Apo Active 3 FITC




Key Benefits

  • Highly specific for active human and murine caspase 3. Other assays require the utilization of peptide based (DEVD) reagents that tend to cross-react with caspase 7 and other caspases.
  • Applications – Works with a fluoresence microscope, 96 well plate reader, or flow cytometer.
  • Yields both quantitative and qualitative results. Gives a strong positive signal.
  • Can be used in conjunction with other antibodies or stains.
  • No need to make cell lysates or run western blots. Cells can be fixed and analyzed later.
  • Works with human, mouse and rat cell lines.

Additional information

Kit Size

25, 100



Cell Technology ’s APO-ACTIVE CASPASE 3 Kit utilizes a rabbit affinity purified polyclonal antibody raised against amino acid 163-175 of murine caspase 3 (9). This neo epitope is present on the p18 subunit of cleaved caspase 3 (9). Cells undergoing apoptosis are fixed and permeablized prior to the addition of the antibody. A secondary FITC labeled goat anti rabbit antibody is used to visualize the bound rabbit anti caspase 3 polyclonal.

Fig (A). Jurkat Cells were stimulated with DMSO for 2 hours. The cells were washed and fixed for 15 minutes. The cells were then permeabilized with saponin and stained with Rabbit anti active caspase 3 antibody for 1 hour. The samples were then stained with PE labeled Goat anti Rabbit antibody.


Fig (B). Jurkat Cells were stimulated with staurosporine for 2 hours. The cells were washed and fixed for 15 minutes. The cells were then permeabilized with saponin and stained with Rabbit anti active caspase 3 antibody for 1 hour. The samples were then stained with FITC labeled Goat anti Rabbit antibody.

Readable Documents

Title Name
Protocol Protocol.pdf
Datasheet Datasheet.pdf
msds msds.pdf

Kit contents and storage

Part# Reagent Temperature
Part # 1002 Rabbit Anti Cleaved Caspase 3 Affinity Purified Polyclonal Antibody, 1 Vial 2-8°C
Part # 2002 FITC Labeled Goat Anti Rabbit Affinity Purified Polyclonal Antibody, 1 Vial 2-8°C
Part # 3001 10X Fixative, 1 Vial 2-8°C



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Kumar, S. 1999. Mechanisms mediating caspase activation in cell death. Cell Death and Differ. 6: 1060-1066.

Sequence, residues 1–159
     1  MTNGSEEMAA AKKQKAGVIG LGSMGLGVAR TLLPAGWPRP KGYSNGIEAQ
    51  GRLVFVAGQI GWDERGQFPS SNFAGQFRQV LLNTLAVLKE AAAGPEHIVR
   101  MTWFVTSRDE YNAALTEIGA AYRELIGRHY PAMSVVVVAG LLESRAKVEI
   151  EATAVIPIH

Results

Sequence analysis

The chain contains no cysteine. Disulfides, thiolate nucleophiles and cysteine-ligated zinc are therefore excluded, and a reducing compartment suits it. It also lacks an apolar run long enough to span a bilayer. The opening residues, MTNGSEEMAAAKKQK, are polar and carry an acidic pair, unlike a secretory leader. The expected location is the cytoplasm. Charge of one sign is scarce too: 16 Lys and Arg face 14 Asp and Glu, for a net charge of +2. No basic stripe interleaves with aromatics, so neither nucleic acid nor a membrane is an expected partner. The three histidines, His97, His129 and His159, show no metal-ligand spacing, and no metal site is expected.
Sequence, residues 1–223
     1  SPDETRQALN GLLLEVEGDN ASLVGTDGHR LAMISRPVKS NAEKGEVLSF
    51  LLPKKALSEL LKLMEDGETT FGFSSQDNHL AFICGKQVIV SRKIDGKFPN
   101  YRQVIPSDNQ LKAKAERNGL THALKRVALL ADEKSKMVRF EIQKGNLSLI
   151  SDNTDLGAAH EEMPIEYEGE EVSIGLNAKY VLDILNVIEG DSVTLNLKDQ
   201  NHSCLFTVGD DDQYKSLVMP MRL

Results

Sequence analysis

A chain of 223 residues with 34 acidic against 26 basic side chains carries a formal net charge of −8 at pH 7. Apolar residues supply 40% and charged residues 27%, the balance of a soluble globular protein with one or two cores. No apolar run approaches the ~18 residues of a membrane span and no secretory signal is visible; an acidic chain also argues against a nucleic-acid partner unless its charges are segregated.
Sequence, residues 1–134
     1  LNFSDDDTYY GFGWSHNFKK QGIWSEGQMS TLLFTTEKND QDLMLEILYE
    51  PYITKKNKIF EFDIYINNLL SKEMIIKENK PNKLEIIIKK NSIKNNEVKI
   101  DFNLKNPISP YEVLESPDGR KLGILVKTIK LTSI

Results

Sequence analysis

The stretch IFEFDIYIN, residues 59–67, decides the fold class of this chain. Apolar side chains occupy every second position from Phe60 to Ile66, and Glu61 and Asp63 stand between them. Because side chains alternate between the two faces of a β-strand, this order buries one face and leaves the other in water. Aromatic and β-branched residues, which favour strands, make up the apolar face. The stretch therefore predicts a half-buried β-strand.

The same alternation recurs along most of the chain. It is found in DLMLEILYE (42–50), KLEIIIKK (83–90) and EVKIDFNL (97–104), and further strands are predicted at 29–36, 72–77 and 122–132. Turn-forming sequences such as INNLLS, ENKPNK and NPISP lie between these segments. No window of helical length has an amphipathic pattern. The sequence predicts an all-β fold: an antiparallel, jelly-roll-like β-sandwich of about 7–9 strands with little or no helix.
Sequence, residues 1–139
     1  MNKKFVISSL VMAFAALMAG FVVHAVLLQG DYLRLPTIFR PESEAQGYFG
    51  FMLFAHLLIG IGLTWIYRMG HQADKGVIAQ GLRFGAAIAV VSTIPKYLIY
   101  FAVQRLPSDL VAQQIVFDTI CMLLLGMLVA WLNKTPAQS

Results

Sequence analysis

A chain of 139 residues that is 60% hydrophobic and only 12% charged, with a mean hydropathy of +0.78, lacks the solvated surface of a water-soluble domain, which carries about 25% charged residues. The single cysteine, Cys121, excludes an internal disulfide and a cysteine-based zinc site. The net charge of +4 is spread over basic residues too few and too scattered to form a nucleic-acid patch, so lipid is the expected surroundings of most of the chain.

Alnemri, E.S. et al (1996) Cell 87:171
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Srinivasan A, et al Cell Death and Differentiation (1998) 5: 1004-1016


Title File Link Author(s) Journal Year; Edition:Pages
The endoplasmic reticulum is the site of cholestrol-induced cytotoxicity in macrophages http://www.cumc.columbia.edu/dept/medicine/tabas_site/pubs/UPR-NatureCB.pdf Feng, Yao, Li, Devlin et al Nature Cell Biology Vol 5, No 9 September 2003, pp 781-792
Combination chemotherapy with gemcitabine and biotherapy with opioid growth factor (OGF) enhances the growth inhibition of pancreatic adenocarcinoma http://www.springerlink.com/content/h025524175r45553/ Ian S. Zagon, Jeffrey R. Jaglowski, et.al. – Cancer Chemotherapy and Pharmacology Vol 56/ No 5, Nov 2005
The Pseudomonas aeruginosa type III secreted toxin ExoT is necessary and sufficient to induce apoptosis in epithelial cells http://www3.interscience.wiley.com/journal/119420124/abstract?CRETRY=1&SRETRY=0 Sasha H. Shafikhani, Christina Morales and Joanne Engel Cellular Microbiology Vol 10 Issue 4, pp 994-1007, Dec 2007
Monoclonal Anti–Interleukin 23 Reverses Active Colitis in a T Cell–Mediated Model in Mice http://linkinghub.elsevier.com/retrieve/pii/S0016508507006300 C. Elson, Y. Cong, C. Weaver, T. Schoeb, T. McClanahan, R. Fick, R. Kastelein Gastroenterology Volume 132, Issue 7, Pages 2359-2370 (2007)
Acute and chronic microvascular alterations in a mouse model of ischemic acute kidney injury http://ajprenal.physiology.org/cgi/content/abstract/00452.2006v1 Markus Horbelt, So-Young Lee, Henry E Mang, Nicole L. Knipe, Yoshikazu Sado, Andreas Kribben, and Timothy A Sutton Am J Physiol Renal Physiol July 11, 2007
Cytotoxicity and Secretion of Gamma Interferon Are Carried Out by Distinct CD8 T Cells during Mycobacterium tuberculosis Infection http://iai.asm.org/cgi/content/abstract/77/10/4621 Thorbjorg Einarsdottir, Euan Lockhart, and JoAnne L. Flynn American Society for Microbiology – Infection and Immunity October 2009, p. 4621-4630, Vol. 77, No. 10.
Converting cell lines representing hematological malignancies from glucocorticoid-resistant to glucocorticoid-sensitive: Signaling pathway interactions http://www.lrjournal.com/article/S0145-2126%2808%2900462-1/abstract Anna S. Garza, Aaron L. Miller, Betty H. Johnson, E. Brad Thompson Leukemia Research Vol Vol 33, Issue 5, pp 717-727. May 2009